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Housing Charity Under Fire

The blue house on McRae Court in this small Virginia town, was supposed to be a chance for a low income family to upgrade their lives.

The house had been built by the local chapter of Habitat For Humanity, the well-known international Christian housing ministry.

From six applicants, the group chose Donald Dannemiller, a house painter with a wife and five children. They moved in two years ago.

When word spread that Dannemiller had done prison time 20 years ago for murdering his 13-year old stepsister, the new neighbors tried and failed to derail the sale.

When Dannemiller was arrested last month for allegedly abducting a 12-year old girl and shooting her with a pellet gun, angry neighbors blamed Habitat for allowing a dangerous criminal into their previously safe world.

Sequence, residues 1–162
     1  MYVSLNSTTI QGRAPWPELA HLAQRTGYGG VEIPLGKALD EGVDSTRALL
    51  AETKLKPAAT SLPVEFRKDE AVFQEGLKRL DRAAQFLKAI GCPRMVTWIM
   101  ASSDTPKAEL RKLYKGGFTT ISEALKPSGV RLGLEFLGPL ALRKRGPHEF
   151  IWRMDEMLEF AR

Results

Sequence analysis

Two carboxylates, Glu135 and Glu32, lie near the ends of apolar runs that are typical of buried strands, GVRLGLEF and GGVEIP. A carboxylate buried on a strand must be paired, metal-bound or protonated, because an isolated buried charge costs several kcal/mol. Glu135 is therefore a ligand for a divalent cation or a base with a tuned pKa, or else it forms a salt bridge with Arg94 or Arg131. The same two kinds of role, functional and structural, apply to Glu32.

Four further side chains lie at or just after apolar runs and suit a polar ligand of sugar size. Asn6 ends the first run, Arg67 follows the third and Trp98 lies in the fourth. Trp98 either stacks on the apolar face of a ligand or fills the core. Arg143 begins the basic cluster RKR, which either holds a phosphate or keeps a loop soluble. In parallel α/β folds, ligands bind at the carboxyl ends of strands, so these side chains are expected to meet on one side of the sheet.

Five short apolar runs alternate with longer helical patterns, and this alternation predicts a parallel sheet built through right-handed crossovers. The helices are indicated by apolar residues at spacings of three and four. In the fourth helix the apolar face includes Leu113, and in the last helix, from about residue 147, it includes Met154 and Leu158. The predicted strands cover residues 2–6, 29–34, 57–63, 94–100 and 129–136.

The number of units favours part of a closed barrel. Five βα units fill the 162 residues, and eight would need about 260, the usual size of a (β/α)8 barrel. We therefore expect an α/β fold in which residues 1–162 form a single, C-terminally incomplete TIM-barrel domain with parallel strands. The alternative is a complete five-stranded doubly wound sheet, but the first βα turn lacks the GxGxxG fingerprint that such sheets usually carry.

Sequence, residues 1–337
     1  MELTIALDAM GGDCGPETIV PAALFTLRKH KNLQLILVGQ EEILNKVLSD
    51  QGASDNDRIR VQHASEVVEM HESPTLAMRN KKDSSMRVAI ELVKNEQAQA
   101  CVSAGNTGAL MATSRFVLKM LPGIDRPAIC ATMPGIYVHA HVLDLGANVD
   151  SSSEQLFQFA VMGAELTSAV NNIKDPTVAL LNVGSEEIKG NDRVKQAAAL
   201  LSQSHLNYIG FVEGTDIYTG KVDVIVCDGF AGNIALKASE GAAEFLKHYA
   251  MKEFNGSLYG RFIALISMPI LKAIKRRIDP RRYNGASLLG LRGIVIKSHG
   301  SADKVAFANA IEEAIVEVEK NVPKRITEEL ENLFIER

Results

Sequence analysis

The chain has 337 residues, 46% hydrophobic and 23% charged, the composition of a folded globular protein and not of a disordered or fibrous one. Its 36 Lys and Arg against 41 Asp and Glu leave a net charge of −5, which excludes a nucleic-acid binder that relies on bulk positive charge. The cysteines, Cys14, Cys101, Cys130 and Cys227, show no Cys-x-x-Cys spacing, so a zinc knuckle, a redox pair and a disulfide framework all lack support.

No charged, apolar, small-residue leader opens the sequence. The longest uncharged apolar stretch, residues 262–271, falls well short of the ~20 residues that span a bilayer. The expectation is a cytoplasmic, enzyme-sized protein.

Neighbor Zola Farrell said she was "very disturbed" - not so much with the family, but with Habitat.

"They lied to us from the beginning," Farrell told CBS News Correspondent Eric Engberg.

Habitat, a widely respected non-profit group, has attracted the support of former President Jimmy Carter, House Speaker Newt Gingrich and other political leaders. The organization has built 60,000 new homes in 58 countries without having such a serious problem with an owner before.

The group has a policy of not making background criminal checks on buyers.
The Rev. Bill Higgins, who is a spokesman for the Habitat group that built the Dumfries house, says there's another reason for not conducting checks.

"We're in the business of trying to give people second chances," Higgins said. "By delving into all details of a person's background years ago, we take away the option for giving a person oftentimes that second chance."

Jailed while the abduction case against him moves to the courts, Dannemiller has turned the house back over to Habitat, which is looking for a new owner.

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